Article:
History

A Historian’s View of an Iconic Stretch of Water

‘The Channel’ offers a fascinating insight into the history of the ‘English’ Channel during the 18th century, and also tackles some of the big questions about identity and sovereignty that continue to be pertinent today.

The English Channel as seen from a satellite. Credit: Wikimedia Commons

The English Channel as seen from a satellite. Credit: Wikimedia Commons

An image of a rowing boat takes pride of place in the ornamental stonework above the doorway of 10 Halsmere Road in south London. The house was built in the 1930s as a home for district nurses serving a deprived area of Lambeth.  Aboard the boat several figures hunker down as they pull their oars through a choppy sea. Above their heads, a sturdy oak tree symbolises their destination: England. Today the motif of a perilous sea journey is once again particularly poignant.

The bas relief in Halsmere Road tells the story of the Minet family who, in the late 17th century, escaped religious persecution in France to seek sanctuary in Britain. The fortunes of this family, who over the course of 200 years prospered to become property-owners and benefactors, are recounted in riveting detail by Renaud Morieux in The Channel: England, France and the Construction of a Maritime Border in the Eighteenth Century, published on March 31 by Cambridge University Press.

The first book to look at the history of the narrow seas which connect Britain and the Continent, The Channel examines the enduring symbolism, and permeability, of one of the world’s most iconic borders. Morieux was born and raised in France and now teaches British history at Cambridge. He is ideally qualified to explore the narratives of the stretch of water that separates and joins Britain and France.

The focus of Morieux’s research is on maritime rather than naval history and his book looks at the experiences of the communities who made their living on or beside the sea during the extended 18th century. In the telling of these stories, some local, some national, he raises some of the bigger political and philosophical questions about identity, sovereignty and border-control.

The Channel, a strait only 21 miles at its narrowest, has for centuries been perceived as a divider – a body of water that gives Britain its unique, and much trumpeted, identity as an island. “La nature a placé l’Angleterre et la France dans une situation respective, qui doit nécessairement établir entres elles une éternelle rivalité,”declared the propagandist Jean-Louis Dubroca in 1802. His assertion translates as: “Nature has placed England and France in a geographical location which must necessarily set up an eternal rivalry between them.”

Generations of British historians plugged a similar line (among them John Seeley and George Macaulay Trevelyan, both Regius Professors of History at Cambridge) to represent Britain as a thrusting sea-faring nation, shaped by its rocky shores. The almost sacrosanct idea of borders connects with the notion that geography creates natural divisions. Almost three centuries ago, the geographer Jean-Nicholas Buache de La Neuville wrote: “Nature herself had parcelled out the globe since its beginning; she had divided up its surface unto an infinite number of parts and had separated them from each other by barriers that neither time nor human intervention can ever destroy.”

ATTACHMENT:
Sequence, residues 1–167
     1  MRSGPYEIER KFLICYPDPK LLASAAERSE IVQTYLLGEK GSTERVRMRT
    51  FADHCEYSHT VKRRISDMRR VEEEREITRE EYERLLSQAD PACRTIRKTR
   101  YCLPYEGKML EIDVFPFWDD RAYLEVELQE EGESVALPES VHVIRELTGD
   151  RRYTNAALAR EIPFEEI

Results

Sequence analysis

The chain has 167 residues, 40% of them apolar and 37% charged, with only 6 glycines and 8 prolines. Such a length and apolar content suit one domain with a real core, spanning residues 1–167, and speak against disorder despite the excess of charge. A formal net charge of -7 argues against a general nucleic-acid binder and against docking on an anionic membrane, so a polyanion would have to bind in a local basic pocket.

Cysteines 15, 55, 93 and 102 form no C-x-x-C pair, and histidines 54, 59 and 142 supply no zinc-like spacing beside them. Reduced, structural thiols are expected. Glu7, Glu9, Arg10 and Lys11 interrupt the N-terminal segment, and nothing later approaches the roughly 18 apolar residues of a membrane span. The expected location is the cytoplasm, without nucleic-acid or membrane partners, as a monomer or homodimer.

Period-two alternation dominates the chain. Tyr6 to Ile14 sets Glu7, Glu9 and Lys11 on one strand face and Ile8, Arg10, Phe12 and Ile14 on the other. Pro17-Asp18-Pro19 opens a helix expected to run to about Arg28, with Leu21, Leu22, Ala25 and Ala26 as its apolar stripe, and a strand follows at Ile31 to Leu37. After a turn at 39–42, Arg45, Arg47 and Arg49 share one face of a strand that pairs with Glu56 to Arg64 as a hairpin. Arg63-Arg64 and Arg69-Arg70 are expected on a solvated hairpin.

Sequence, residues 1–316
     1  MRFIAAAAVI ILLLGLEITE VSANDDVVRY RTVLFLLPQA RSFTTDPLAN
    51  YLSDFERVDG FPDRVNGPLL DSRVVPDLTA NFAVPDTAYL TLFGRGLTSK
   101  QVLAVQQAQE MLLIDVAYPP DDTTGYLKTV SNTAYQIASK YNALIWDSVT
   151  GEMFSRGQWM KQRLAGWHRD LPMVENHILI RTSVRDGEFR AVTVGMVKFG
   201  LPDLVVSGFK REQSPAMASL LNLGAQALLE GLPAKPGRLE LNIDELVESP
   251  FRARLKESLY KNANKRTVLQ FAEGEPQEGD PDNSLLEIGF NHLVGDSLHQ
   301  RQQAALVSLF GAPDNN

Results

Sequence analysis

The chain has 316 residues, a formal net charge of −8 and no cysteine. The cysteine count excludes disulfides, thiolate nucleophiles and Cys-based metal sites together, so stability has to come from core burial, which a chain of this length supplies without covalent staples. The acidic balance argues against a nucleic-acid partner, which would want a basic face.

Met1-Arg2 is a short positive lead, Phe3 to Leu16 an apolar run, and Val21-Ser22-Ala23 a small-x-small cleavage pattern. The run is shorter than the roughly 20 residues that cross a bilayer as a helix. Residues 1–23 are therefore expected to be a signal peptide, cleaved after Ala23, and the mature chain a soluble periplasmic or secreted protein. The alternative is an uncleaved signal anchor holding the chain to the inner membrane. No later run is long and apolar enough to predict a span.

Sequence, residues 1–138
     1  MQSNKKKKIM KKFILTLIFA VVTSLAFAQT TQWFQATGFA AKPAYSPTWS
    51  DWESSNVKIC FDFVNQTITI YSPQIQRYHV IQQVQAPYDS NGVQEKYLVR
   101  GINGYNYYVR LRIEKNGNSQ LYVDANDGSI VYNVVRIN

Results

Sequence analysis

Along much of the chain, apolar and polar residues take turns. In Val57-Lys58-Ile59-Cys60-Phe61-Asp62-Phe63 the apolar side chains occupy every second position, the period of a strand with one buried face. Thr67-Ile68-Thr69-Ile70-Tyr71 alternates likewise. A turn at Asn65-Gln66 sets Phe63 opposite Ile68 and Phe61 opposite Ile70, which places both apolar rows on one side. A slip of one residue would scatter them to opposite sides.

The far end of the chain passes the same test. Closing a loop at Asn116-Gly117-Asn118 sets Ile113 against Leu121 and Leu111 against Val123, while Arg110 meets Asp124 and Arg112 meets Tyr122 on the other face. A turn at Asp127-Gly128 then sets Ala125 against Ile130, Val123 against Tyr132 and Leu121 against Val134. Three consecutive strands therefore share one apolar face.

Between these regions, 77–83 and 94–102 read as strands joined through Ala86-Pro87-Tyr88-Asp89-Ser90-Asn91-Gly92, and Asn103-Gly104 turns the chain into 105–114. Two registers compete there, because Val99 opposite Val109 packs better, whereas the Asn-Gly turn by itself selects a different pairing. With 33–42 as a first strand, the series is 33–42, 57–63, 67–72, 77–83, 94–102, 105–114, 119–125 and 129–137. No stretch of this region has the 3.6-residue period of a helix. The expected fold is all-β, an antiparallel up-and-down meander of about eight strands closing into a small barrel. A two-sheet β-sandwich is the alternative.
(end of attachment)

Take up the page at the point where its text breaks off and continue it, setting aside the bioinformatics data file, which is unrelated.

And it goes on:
But Morieux’s thesis is that the narrow Channel joined as well as divided – and acts as a zone for contact as well as conflict. As a body of water, it creates opportunities for trade and transport, informal and cultural exchanges. Britain and France were famously at war for much of the ‘long’ 18th century, between the Nine Years’ War of 1689-1697, which set William of Orange’s England and his European allies against Louis XIV’s France and the wars of the French Revolution, which ended with Waterloo in 1815.

But even in times of war, for the maritime and coastal communities of Britain and France, business continued much as usual. Fishermen harvested the ocean’s resources, sold their wares in ‘enemy’ ports and even joined forces to lobby national governments. Postal services were maintained as a result of ‘postal truces’ which safeguarded the passage of packet boats.

Smugglers flourished with the complicit support both from undercover agents and corrupt officials. In 1774 the number of smugglers (a term that became smogleur in French) operating out of the French port of Dunkirk was estimated at between 1,000 and 1,500. The goods that flowed illicitly from France to Britain, avoiding import duties, included Dutch gin, French tea from China and India, coffee from Saint-Domingue and textiles from Rouen and Lyon. These items arrived at the innumerable small coves and inlets of Kent and Sussex. The pickings were rich and the networks that made them possible were truly transnational.

Britain’s jagged shape and the existence of its surrounding seas are the result of massive geological and climatic changes over vast spans of time. That this island was, until 9,000 years ago, connected to mainland Europe by a chalk bridge represented a profound challenge to the notion of divine and impregnable isolation. In a chapter titled ‘The impossibility of an island’, a pun on Michel Houellebecq’s 2005 novel The Possibility of an Island, Morieux traces successive shifts in public discourse, both sides of the Channel, about the very formation of Britain as a physical entity encircled by protecting water – “this scepter’d isle” and “precious stone set in the silver sea” immortalised by Shakespeare in Richard II.